I'm just a 23 year old with an ardent passion for weather. I first became aware of this interest after Tropical Storm Isidore struck my area in 2002.
By: KoritheMan , 1:23 AM GMT on August 01, 2012
A vigorous tropical wave located about 1150 miles east-southeast of the Windward Islands is showing signs of organization. Last light visible satellite images and recent microwave data indicated a gradually improving circulation. Unfortunately, due to issues with the website, I have been unable to utilize ASCAT or OSCAT data, and WindSat missed the disturbance.
Figure 1. Latest infrared satellite image of Invest 99L. Image credit: NOAA
An upper low near 27N 44W has intensified over the past few hours, and has a rather large horizontal extent of cyclonic vorticity. Apparently, the southern end of this flow has reached the northern fringes of Invest 99L. As a result, upper-level outflow has improved in that direction.
All of the common factors appears to be present for intensification -- low shear, warm ocean temperatures, and a relatively moist environment. On the other hand, this low is rather close to the equator, which will limit the amount of spin the system can generate. In addition, the system is still embedded in the Intertropical Convergence Zone (ITCZ), a low-latitude belt of convection that is responsible for much of the precipitation across equatorial regions. Until 99L can break away from that, it will be slow to organize. There is currently very little indication of any northward component of motion, and 99L still remains below 10N. However, with the influence of the upper low spreading south, a slow increase in latitude should occur over the next few days. Although 99L has done well for itself up to this point, it is not uncommon for tropical waves or perturbations to look healthy while the ITCZ is aiding in precipitation. The test of time as it were, will come after the system breaks free from the grip of the ITCZ. At that point it will be forced to sustain itself on its own dignity. Since there is still dry air outside the comfort of the ITCZ, I find it a little hard to believe that 99L will rapidly organize.
Interestingly, the GFS dissipates the system as it moves through the central Caribbean. Although that portion of the Caribbean is generally unfavorable for tropical cyclogenesis, full-fledged tropical cyclones typically do a little better. Since the TUTT axis is north of the Greater Antilles, and I expect 99L to stay south of those islands, it is a little puzzling why this model weakens the system, especially considering it also shows low shear. Perhaps it is because the trade winds, as indicated by buoy reports, have picked up a little today. More likely, these are daily fluctuations within the strength of the Bermuda-Azores ridge, the sole driver of easterly winds in that region. Since these fluctuations are both natural and difficult to predict, I have not placed much weight on the GFS forecast of dissipation. In addition, there doesn't appear to be any significant low-level speed shear on water vapor imagery.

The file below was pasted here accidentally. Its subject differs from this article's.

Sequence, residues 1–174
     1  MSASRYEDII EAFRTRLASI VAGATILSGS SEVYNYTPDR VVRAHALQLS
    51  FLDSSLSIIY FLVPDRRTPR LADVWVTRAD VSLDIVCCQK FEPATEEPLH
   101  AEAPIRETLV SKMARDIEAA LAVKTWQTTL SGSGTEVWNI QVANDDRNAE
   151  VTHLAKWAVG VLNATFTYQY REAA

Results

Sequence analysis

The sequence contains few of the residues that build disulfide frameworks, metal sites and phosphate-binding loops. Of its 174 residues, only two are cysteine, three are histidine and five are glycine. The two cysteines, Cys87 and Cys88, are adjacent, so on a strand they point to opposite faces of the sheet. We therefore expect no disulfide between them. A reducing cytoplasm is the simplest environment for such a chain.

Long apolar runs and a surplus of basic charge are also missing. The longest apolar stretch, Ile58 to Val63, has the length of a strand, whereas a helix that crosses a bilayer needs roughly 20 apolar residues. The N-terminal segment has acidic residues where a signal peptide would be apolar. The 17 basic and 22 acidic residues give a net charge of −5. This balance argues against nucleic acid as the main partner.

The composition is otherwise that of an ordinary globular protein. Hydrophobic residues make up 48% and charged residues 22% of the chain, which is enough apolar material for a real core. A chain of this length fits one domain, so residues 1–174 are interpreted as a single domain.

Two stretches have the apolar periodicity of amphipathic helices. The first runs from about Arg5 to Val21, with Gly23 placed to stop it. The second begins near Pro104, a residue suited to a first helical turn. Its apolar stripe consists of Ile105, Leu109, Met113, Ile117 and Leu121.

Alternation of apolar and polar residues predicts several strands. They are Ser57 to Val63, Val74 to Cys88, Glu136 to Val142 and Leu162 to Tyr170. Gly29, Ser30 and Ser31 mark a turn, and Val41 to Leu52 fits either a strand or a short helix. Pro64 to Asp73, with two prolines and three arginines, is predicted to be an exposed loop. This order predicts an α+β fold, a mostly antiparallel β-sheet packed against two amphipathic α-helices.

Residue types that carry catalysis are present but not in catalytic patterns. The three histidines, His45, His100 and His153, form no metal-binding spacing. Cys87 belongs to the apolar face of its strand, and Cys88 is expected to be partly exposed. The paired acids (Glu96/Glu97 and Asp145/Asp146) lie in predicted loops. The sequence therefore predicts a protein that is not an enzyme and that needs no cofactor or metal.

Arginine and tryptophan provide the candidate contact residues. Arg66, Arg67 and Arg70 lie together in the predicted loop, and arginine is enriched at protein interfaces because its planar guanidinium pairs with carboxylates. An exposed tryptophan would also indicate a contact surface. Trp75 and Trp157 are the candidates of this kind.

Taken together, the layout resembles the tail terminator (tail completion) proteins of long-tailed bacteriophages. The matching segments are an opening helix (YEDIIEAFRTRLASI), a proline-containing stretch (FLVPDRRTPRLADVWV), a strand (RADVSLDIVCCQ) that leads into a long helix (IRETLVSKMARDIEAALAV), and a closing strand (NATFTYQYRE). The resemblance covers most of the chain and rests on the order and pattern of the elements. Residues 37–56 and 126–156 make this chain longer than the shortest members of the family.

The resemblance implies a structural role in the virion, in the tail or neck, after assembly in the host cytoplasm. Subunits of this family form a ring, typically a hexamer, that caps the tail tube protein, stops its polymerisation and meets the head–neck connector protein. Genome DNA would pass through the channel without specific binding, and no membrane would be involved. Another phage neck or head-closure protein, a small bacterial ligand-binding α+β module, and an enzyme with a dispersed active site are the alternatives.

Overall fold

As for track, that's always the most important question, but it's also one of the hardest. Water vapor images show a large ridge over the central United States with an amplified trough downstream over the eastern United States and western Atlantic. While this would ordinarily be a motif toward recurvature, the global models are unanimous in slowly lifting out this feature over the next 72 hours. This evolution should allow 99L to avoid moving too far north through the next five days, especially considering its location. My current thinking is a generally west-northwest path through the eastern and central Caribbean. Where it goes after that is still speculative, and the model variability within the synoptic pattern favors an eventual landfall on the US east coast, the US Gulf Coast, or even Central America and/or Mexico.
I do expect gradual development of this disturbance, but I am not ready to give explicit mention of a tropical depression just yet.
Probability of development in 48 hours: 50%
Elsewhere, a convectively active tropical wave is over the northeast Caribbean. There are no signs of organization, and upper-level winds are expected to remain unfavorable for development as the system moves west-northwest toward the Bahamas and south Florida. Locally heavy rains will continue impacting portions of the Greater Antilles through Wednesday.
Probability of development in 48 hours: 0%
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